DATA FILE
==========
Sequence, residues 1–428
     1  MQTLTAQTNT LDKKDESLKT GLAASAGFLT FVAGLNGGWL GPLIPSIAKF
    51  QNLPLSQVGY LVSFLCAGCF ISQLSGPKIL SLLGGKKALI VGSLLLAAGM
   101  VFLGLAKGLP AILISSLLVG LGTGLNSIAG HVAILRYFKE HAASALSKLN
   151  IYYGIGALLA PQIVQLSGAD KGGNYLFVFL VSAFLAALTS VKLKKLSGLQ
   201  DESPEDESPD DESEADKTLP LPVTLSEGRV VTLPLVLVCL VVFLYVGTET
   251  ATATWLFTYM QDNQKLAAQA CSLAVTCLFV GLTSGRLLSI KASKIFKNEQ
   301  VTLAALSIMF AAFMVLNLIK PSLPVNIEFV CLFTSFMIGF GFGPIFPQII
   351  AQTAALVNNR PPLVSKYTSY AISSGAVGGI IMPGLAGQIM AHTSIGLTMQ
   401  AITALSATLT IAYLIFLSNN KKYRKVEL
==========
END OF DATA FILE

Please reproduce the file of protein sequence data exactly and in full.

Sequence, residues 1–428
     1  MQTLTAQTNT LDKKDESLKT GLAASAGFLT FVAGLNGGWL GPLIPSIAKF
    51  QNLPLSQVGY LVSFLCAGCF ISQLSGPKIL SLLGGKKALI VGSLLLAAGM
   101  VFLGLAKGLP AILISSLLVG LGTGLNSIAG HVAILRYFKE HAASALSKLN
   151  IYYGIGALLA PQIVQLSGAD KGGNYLFVFL VSAFLAALTS VKLKKLSGLQ
   201  DESPEDESPD DESEADKTLP LPVTLSEGRV VTLPLVLVCL VVFLYVGTET
   251  ATATWLFTYM QDNQKLAAQA CSLAVTCLFV GLTSGRLLSI KASKIFKNEQ
   301  VTLAALSIMF AAFMVLNLIK PSLPVNIEFV CLFTSFMIGF GFGPIFPQII
   351  AQTAALVNNR PPLVSKYTSY AISSGAVGGI IMPGLAGQIM AHTSIGLTMQ
   401  AITALSATLT IAYLIFLSNN KKYRKVEL